The following is an interview with Valerie Hager regarding her award-winning one-woman show, Naked in Alaska. In this interview, Fanbase Press Editor-in-Chief Barbra Dillon chats with Hager about the inspiration behind the production, what she hopes that audiences will take away from the show, her upcoming projects, and more!
Barbra Dillon, Fanbase Press Editor-in-Chief: The award-winning play, Naked in Alaska, will soon appear at the Bootleg Theater in Los Angeles, CA. What inspired you to tell this story, and how would you describe your creative process in bringing it to life?
Valerie Hager: In 2009, I said farewell to Los Angeles and drove to New York City with my then-boyfriend-now-husband (and Naked in Alaska’s director) Scott Wesley Slavin. Getting away from Los Angeles—and the weight of my past that often felt indistinguishable from the city itself—woke something up in me. New York was a fresh start. I felt so alive! For the first time in a long time, I felt fearless. And one night I sat on our living room floor and began unpacking boxes of photos from my past—lipstick-kissed pictures of dancing in the clubs, dog-eared journals, mementos… and suddenly something deep inside me whispered, “You have to tell this story.”
I started taking memoir and solo show classes. In L.A., I’d written short solo pieces about dancers that I’d observed in the clubs, but never anything truly autobiographical. It took me a while to get comfortable even imagining stepping onto a stage and sharing publicly the experiences I had been through—had willingly put myself in. But after two years, I got there and was all in. I enrolled in Matt Hoverman’s GO-SOLO workshops and spent hours working with Scott to remember and explore my years as a dancer. By 2013, I had prepared enough material for a full-length show and began submitting to local festivals. That first year of performances I now refer to as the “PG-13 version.” I wasn’t yet ready to share some specifically painful details from that period. But the more I witnessed my story resonate with audiences, the more I trusted myself to get more transparent. Finally, what seemed in the beginning terrifying to say on stage began to feel absolutely necessary.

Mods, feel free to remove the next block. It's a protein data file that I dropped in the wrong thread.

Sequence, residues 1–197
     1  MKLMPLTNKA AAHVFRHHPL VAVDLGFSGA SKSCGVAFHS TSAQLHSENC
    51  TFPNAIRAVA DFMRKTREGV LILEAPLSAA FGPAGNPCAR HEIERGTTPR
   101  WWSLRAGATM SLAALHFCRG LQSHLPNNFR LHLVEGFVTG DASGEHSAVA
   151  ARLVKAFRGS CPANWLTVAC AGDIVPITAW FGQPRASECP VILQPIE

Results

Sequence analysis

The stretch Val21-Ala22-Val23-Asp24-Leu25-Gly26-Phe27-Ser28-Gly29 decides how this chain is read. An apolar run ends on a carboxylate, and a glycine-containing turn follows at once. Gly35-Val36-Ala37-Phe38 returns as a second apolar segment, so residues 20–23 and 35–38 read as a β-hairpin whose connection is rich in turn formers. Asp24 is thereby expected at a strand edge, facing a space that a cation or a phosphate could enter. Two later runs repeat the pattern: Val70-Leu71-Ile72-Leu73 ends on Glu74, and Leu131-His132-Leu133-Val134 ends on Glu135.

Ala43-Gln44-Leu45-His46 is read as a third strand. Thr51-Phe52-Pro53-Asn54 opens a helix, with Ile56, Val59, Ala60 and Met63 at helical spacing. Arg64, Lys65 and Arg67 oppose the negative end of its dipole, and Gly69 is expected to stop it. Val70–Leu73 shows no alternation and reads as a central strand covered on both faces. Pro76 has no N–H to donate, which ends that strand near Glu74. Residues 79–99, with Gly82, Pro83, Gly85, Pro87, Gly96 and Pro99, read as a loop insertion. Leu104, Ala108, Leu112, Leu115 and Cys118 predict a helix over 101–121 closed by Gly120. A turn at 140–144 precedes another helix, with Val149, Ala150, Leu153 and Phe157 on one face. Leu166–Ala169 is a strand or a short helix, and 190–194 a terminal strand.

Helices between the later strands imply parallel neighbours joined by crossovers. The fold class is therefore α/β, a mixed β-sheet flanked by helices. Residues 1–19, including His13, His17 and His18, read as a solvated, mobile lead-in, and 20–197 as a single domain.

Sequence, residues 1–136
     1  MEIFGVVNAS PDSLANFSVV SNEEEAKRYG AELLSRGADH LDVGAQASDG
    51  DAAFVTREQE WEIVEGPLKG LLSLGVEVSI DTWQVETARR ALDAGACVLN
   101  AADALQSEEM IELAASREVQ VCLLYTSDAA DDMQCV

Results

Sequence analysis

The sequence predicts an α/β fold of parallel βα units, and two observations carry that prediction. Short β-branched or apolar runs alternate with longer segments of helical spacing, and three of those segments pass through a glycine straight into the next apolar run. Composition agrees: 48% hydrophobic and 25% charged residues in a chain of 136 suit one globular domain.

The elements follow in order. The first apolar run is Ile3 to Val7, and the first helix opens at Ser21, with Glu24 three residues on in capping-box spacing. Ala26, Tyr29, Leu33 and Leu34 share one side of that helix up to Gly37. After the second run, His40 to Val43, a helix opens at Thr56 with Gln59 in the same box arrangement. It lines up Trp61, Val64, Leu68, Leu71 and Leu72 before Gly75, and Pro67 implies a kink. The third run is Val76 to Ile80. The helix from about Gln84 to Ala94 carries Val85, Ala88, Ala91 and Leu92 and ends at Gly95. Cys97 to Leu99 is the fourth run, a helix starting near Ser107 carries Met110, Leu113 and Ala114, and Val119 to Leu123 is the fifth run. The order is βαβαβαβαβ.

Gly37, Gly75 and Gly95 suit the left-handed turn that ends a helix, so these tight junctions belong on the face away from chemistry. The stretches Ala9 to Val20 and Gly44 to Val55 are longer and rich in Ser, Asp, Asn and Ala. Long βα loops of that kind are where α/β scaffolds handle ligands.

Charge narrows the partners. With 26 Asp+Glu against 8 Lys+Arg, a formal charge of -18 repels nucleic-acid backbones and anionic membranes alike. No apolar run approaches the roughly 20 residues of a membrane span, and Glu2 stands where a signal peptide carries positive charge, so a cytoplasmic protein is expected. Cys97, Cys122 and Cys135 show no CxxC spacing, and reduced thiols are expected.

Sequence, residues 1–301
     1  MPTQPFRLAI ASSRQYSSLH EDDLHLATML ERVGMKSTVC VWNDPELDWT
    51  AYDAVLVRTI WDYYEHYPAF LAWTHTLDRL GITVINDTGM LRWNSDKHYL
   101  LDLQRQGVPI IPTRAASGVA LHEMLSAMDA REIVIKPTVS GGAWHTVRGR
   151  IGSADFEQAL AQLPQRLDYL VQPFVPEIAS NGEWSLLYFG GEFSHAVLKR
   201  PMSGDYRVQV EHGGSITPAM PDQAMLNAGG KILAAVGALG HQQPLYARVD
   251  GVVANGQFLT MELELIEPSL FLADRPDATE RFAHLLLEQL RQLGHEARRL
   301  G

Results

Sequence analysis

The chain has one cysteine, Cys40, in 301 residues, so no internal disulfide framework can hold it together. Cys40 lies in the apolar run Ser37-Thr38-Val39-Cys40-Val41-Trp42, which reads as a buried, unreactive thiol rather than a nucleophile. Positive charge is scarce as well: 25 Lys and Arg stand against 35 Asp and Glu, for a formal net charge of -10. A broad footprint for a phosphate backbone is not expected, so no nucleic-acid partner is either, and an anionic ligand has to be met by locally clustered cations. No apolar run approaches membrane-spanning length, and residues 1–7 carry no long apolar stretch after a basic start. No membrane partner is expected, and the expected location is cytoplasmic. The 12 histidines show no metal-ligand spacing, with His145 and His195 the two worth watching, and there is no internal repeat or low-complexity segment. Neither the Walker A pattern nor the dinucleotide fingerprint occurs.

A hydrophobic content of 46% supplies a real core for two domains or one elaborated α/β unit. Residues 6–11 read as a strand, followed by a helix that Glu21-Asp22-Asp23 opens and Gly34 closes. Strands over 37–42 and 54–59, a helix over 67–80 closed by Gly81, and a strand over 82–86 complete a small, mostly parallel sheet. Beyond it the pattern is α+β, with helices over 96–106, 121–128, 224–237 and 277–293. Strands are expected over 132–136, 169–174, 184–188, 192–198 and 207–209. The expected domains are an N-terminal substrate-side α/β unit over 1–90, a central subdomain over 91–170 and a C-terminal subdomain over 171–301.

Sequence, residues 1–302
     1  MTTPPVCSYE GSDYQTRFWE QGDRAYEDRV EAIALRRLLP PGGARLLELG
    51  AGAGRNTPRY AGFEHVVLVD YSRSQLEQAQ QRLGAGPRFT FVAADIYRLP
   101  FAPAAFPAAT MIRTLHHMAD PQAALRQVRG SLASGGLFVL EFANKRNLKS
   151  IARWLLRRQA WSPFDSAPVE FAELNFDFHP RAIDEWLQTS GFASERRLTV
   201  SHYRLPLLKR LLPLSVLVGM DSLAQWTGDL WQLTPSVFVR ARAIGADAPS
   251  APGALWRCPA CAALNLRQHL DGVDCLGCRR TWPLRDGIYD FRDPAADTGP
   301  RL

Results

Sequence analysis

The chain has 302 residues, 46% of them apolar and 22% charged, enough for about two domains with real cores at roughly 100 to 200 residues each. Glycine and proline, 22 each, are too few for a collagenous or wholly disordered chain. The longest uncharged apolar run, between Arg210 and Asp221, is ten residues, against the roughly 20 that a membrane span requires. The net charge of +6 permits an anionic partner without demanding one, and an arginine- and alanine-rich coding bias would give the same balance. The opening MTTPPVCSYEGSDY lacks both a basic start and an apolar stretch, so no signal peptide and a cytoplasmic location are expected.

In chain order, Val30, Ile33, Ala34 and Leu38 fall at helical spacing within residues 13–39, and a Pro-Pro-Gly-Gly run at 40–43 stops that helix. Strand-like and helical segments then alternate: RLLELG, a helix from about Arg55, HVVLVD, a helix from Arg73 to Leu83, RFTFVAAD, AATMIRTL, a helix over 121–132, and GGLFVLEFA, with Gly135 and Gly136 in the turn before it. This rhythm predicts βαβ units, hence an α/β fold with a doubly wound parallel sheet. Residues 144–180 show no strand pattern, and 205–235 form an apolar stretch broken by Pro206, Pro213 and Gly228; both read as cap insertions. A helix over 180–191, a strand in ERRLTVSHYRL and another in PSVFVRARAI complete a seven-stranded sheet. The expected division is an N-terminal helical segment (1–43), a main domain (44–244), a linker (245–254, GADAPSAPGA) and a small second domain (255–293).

In hindsight, the creative process of Naked in Alaska has really been like the peeling of an onion. It’s been iterative—I’d make a breakthrough and feel liberated, and then after some time, I’d realize that there’s a layer underneath that, and I’d begin to peel that one back, too. But I think one of the biggest lessons has been to trust the process and know that more can always be revealed in time, and to be open to that when it happens.
BD: You have performed the production at countless Fringe Festivals, as well as a critically acclaimed Off-Broadway run. How do you feel that each new production enhances or changes your approach to the show?
VH: In the 2014 Edinburgh Fringe, I had a 27-show back-to-back run at Assembly Roxy and had to cut 20 minutes off the show to make it fit within our 60-minute time slot. It was insane! But working with those limitations and performing in such an intense run taught me how to endure, let go, and recharge quickly. After every single show, I would run out to the front of the theater and acknowledge each person who attended by hugging them. I had so much gratitude that out of the 3,500 shows they had chosen to come to mine.